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The Danger of "Public" Education

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The key issue in the entire discussion is simply this: shall the parent or the State be the overseer of the child?

An essential feature of human life is that, for many years, the child is relatively helpless, that his powers of providing for himself mature late. Until these powers are fully developed he cannot act completely for himself as a responsible individual. He must be under tutelage. This tutelage is a complex and difficult task. From an infancy of complete dependence and subjection to adults, the child must grow up gradually to the status of an independent adult. The question is under whose guidance, and virtual "ownership" the child should be: his parents' or the State's? There is no third, or middle, ground in this issue. Some party must control, and no one suggests that some individual third party have authority to seize the child and rear it.

It is obvious that the natural state of affairs is for the parents to have charge of the child. The parents are the literal producers of the child, and the child is in the most intimate relationship to them that any people can be to one another. The parents have ties of family affection to the child. The parents are interested in the child as an individual, and are the most likely to be interested and familiar with his requirements and personality. Finally, if one believes at all in a free society, where each one owns himself and his own products, it is obvious that his own child, one of his most precious products, also comes under his charge.

The only logical alternative to parental "ownership" of the child is for the State to seize the infant from the parents and to rear it completely itself. To any believer in freedom this must seem a monstrous step indeed. In the first place, the rights of the parents are completely violated, their own loving product seized from them to be subjected to the will of strangers. In the second place, the rights of the child are violated, for he grows up in subjection to the unloving hands of the State, with little regard for his individual personality. Furthermore — and this is a most important consideration — for each person to be "educated," to develop his faculties to the fullest, he needs freedom for this development. We have seen above that freedom from violence is essential to the development of a man's reason and personality. But the State! The State's very being rests on violence, on compulsion. As a matter of fact, the very feature that distinguishes the State from other individuals and groups is that the State has the only (legal) power to use violence. In contrast to all other individuals and organizations, the State issues decrees which must be obeyed at the risk of suffering prison or the electric chair. The child would have to grow up under the wings of an institution resting on violence and restriction. What sort of peaceful development could take place under such auspices?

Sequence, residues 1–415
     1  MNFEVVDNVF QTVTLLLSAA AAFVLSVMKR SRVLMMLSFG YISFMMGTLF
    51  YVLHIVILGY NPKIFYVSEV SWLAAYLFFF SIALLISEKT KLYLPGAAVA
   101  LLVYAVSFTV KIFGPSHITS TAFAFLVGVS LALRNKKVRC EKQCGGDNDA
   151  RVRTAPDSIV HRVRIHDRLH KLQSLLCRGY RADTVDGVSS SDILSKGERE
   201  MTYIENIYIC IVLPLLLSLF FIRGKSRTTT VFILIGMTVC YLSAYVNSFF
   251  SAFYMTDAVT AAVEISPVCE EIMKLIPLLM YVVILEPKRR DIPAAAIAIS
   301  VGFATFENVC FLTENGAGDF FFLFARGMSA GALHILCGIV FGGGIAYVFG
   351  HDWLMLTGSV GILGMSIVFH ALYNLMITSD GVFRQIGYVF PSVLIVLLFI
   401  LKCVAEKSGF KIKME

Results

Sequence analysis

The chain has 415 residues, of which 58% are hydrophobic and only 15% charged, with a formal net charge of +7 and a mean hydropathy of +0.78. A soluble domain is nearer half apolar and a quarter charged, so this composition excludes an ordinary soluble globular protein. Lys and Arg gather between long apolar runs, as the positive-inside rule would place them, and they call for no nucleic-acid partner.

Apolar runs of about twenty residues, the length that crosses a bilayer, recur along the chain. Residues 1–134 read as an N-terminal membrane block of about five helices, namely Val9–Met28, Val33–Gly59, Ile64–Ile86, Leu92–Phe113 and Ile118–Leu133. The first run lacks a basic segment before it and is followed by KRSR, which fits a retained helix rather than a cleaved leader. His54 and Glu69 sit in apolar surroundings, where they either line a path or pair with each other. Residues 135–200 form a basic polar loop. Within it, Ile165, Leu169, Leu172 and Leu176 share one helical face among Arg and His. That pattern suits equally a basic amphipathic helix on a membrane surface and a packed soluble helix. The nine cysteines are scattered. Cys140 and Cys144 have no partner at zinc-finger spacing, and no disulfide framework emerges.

Furthermore, it is inevitable that the State would impose uniformity on the teaching of charges. Not only is uniformity more congenial to the bureaucratic temper and easier to enforce; this would be almost inevitable where collectivism has supplanted individualism. With collective State ownership of the children replacing individual ownership and rights, it is clear that the collective principle would be enforced in teaching as well. Above all, what would be taught is the doctrine of obedience to the State itself. For tyranny is not really congenial to the spirit of man, who requires freedom for his full development.